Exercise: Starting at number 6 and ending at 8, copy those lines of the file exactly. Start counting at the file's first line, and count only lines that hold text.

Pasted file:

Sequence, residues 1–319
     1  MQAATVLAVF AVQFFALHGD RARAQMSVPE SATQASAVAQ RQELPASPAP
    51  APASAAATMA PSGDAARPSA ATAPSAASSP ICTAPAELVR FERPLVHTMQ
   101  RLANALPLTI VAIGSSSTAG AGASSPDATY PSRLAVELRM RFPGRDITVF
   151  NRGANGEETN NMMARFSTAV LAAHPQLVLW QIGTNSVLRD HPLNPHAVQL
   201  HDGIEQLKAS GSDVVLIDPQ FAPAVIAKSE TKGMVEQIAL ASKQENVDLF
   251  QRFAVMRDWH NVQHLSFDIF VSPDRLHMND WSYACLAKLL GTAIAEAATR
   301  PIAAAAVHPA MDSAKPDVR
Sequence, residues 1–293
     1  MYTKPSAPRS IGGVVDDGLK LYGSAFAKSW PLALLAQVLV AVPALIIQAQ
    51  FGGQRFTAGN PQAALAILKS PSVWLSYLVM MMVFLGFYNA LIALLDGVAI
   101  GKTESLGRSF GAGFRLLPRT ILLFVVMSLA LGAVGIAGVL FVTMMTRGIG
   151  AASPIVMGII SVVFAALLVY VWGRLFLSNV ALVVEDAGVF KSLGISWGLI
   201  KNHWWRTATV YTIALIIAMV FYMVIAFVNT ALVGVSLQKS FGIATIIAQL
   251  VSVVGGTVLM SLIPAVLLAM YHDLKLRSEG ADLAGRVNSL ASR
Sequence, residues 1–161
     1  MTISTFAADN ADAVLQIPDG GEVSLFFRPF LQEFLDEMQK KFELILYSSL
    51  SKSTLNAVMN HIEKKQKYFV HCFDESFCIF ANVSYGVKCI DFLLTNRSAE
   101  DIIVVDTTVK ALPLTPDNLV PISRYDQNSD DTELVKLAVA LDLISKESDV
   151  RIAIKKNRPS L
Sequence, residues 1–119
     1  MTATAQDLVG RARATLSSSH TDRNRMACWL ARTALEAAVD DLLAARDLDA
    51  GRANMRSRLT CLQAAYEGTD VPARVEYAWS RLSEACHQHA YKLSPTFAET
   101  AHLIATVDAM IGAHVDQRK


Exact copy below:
   201  HDGIEQLKAS GSDVVLIDPQ FAPAVIAKSE TKGMVEQIAL ASKQENVDLF
   251  QRFAVMRDWH NVQHLSFDIF VSPDRLHMND WSYACLAKLL GTAIAEAATR
   301  PIAAAAVHPA MDSAKPDVR